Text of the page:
Cities: Skylines channels the spirit of the PC game it’s based on without trying to slavishly replicate the mechanics.

This triggers a milestone, transfering happiness earned on your board to a cute scoring piece in the shape of a skyscraper-filled skyline. You have to be careful when you trigger a milestone as unemployed people, worker shortages and strain on utilities will reduce the amount of happiness you earn for the round. Once all the pieces have been flipped and all the districts have at least one structure, you can end the game at any time. The result is a sort of push-your-luck mechanic, as players have to consider if taking additional turns will let them earn more happiness and improve their final score or will just make everything worse.

Every time you play a card, you draw a replacement from one of three decks of cards indicating stages of city development. You can choose to start drawing from more advanced ones at any time, with higher-level cards costing more to construct but producing greater rewards. Each deck also has one of each type of utility and service building, and you’ll typically want to try to collect all of them to keep your city thriving.

While the rulebook recommends learning the game through a beginner scenario and then slowly introducing additional rules over four successive playthroughs, it’s easy to integrate everything from the start. Optional rules add few advantages or challenges without really increasing the game’s complexity or altering the core mechanics.

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Like the PC game there's a tutorial, but you'll probably be fine jumping right in.

If you’re playing with role cards, each player gets to choose between three roles that provide minor benefits, such as the statistician’s ability to hold an extra card in their hand. Unique buildings are enormous and awkwardly-shaped, but are free to construct and provide minor benefits - the courthouse increasing the effects of services placed in the same district, for instance. Policies allow you to pay money for benefits without requiring room on the main board; switching to LED streetlights will increase your city’s electrical capacity. News cards surprise you with negative effects like traffic congestion that saps happiness whenever traffic increases. These only go away when you randomly draw another news card or complete a milestone, adding an extra layer of strategy when it comes to choosing how to progress.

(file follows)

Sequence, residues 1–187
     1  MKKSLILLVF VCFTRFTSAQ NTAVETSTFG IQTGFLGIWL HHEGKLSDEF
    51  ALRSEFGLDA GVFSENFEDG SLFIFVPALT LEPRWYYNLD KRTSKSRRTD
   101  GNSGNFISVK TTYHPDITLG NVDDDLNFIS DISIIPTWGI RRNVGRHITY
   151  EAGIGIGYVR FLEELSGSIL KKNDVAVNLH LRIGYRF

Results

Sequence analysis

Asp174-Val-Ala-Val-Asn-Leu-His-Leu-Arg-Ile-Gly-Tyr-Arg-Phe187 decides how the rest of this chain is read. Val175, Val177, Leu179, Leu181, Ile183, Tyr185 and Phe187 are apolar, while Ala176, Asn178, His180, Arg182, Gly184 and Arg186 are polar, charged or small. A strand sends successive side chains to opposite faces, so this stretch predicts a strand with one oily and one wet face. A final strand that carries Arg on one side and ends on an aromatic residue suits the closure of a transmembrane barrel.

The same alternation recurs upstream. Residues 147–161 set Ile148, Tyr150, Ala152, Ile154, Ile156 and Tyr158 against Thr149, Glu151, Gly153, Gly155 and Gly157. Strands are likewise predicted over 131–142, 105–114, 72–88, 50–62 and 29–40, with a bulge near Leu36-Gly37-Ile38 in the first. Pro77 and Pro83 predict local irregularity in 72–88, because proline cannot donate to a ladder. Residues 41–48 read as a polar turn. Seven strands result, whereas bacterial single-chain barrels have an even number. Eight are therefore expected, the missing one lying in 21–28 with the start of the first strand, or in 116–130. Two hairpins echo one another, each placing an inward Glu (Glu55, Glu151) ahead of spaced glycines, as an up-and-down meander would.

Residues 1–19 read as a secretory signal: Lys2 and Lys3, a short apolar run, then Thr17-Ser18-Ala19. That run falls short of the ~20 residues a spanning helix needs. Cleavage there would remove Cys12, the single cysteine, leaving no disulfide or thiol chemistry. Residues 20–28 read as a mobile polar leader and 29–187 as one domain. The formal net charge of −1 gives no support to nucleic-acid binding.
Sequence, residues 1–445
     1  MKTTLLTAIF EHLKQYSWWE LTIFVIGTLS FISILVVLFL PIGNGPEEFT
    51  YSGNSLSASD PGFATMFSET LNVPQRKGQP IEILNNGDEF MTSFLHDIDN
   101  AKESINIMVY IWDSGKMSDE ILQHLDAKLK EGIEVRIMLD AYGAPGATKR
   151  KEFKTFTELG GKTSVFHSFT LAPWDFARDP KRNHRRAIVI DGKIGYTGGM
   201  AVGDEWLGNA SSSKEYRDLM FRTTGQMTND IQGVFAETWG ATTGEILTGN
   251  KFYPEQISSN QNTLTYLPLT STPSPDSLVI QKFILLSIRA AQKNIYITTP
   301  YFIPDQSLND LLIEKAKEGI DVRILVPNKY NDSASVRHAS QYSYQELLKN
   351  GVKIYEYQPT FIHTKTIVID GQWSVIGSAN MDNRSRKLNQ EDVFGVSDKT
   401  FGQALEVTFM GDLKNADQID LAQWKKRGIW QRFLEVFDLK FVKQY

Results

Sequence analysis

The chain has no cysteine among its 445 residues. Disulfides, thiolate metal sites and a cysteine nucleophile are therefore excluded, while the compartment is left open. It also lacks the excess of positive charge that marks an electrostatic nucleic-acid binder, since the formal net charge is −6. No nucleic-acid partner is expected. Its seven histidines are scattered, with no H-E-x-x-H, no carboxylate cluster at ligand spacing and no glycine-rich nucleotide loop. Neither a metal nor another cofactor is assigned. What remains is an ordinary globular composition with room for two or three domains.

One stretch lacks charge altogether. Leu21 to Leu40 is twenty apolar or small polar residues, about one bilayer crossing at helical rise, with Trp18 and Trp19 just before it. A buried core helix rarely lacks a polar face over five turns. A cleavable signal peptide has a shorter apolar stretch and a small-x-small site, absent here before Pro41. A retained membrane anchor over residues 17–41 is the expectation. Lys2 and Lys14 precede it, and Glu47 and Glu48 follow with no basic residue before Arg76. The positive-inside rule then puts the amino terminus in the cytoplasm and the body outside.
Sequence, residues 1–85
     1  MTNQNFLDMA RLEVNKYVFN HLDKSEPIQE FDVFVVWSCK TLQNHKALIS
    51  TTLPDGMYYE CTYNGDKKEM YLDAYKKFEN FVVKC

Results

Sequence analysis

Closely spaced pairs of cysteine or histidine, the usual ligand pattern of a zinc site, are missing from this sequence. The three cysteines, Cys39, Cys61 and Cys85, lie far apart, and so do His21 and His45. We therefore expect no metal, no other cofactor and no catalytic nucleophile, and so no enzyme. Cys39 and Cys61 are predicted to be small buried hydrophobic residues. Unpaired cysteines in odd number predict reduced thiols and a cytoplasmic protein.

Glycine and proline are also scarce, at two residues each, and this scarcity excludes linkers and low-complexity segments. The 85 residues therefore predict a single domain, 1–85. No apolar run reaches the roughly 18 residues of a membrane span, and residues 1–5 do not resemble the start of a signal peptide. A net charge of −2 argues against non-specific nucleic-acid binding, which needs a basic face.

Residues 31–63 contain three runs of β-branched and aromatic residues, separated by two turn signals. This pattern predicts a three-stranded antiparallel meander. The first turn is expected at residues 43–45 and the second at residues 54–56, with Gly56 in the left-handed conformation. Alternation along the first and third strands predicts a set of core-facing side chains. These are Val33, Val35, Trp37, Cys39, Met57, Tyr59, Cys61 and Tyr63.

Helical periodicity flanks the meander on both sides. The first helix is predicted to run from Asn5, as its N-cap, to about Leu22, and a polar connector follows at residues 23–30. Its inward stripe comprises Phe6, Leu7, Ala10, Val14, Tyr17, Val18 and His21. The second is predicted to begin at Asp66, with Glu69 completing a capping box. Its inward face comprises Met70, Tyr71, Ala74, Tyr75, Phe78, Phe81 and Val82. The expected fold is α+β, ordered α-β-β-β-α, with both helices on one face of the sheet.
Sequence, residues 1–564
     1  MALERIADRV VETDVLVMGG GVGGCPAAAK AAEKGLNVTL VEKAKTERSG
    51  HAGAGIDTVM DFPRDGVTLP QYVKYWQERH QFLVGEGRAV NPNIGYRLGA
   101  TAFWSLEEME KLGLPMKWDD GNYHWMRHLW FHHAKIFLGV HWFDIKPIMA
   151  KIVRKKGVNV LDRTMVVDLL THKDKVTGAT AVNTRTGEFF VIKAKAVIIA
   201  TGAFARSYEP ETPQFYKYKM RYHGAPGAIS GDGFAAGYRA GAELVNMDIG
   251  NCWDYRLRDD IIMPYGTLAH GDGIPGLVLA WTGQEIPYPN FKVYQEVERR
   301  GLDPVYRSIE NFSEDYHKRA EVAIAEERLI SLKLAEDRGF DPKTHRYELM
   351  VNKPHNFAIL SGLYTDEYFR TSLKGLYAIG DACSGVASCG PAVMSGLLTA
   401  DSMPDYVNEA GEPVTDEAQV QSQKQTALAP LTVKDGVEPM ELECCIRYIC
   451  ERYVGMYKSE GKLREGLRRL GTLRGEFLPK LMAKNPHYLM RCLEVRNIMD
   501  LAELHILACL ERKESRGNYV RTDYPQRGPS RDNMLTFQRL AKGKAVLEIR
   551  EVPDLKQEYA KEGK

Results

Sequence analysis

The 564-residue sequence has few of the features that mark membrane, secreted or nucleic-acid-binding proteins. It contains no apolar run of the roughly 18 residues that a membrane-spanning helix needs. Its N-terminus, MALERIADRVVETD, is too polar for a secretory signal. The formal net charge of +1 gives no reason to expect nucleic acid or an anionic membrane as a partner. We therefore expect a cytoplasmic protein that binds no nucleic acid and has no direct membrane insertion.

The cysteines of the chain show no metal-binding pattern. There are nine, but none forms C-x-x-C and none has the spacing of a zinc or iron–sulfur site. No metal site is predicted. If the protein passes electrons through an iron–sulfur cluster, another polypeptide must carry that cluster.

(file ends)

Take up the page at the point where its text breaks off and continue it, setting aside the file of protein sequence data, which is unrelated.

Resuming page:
The control players have over advancement means it’s relatively difficult to outright lose but very easy to score poorly if you don’t plan enough. A success table provides a description of your creation based on the happiness you’ve accumulated, ranking from a dying city whose population is fleeing as fast as they can to a heavenly one whose residents wouldn’t want to live anywhere else.

While careful planning is absolutely essential to success in Cities: Skylines, the randomisation of card draws and tile placement means that even the grandest designs won’t always succeed. Throughout time, city planners have tried to anticipate the problems their populace is likely to face and how best to satisfy the needs of the present while building for the future. Players of Cities: Skylines - The Board Game will face the same challenges as they work together to create something glorious out of the pieces they’re dealt.


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Samantha Nelson

Contributor

Samantha Nelson has been writing about tabletop gaming since 2013 for publications including The A.V. Club, Waypoint, Polygon and Escapist Magazine. She is also a member of the Critical Hit actual play podcast and met her husband at a Vampire: The Masquerade LARP.